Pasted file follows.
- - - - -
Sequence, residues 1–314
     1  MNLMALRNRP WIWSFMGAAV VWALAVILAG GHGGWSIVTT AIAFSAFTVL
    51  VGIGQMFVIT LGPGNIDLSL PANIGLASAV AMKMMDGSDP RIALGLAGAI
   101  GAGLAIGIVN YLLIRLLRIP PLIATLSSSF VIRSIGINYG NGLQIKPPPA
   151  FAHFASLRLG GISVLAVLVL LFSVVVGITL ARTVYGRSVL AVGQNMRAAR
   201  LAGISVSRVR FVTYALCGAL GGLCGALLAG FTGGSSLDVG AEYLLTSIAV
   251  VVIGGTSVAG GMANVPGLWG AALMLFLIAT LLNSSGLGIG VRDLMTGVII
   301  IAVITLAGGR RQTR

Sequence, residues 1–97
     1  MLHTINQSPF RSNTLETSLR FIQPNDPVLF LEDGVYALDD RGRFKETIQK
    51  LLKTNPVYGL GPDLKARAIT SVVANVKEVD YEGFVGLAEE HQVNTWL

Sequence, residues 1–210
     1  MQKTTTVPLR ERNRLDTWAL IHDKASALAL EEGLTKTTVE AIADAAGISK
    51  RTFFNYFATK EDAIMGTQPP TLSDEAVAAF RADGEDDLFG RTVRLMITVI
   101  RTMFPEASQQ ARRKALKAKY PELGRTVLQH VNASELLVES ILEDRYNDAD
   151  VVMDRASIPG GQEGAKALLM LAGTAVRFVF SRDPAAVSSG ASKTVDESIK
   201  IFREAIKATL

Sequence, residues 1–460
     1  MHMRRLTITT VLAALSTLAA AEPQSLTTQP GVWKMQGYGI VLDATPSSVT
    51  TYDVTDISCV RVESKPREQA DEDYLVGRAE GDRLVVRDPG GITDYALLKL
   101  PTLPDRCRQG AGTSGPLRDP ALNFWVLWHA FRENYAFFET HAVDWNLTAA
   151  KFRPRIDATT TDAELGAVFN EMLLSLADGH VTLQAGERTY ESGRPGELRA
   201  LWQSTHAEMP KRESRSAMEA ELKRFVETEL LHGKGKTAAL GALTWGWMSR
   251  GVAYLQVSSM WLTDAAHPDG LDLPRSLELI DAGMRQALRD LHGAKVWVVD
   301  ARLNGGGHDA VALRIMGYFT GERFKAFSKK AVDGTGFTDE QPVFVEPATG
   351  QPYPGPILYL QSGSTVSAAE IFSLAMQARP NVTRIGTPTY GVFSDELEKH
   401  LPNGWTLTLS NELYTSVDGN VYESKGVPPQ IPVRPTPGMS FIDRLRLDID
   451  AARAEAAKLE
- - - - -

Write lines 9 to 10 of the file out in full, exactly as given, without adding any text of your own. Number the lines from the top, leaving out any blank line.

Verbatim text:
Sequence, residues 1–97
     1  MLHTINQSPF RSNTLETSLR FIQPNDPVLF LEDGVYALDD RGRFKETIQK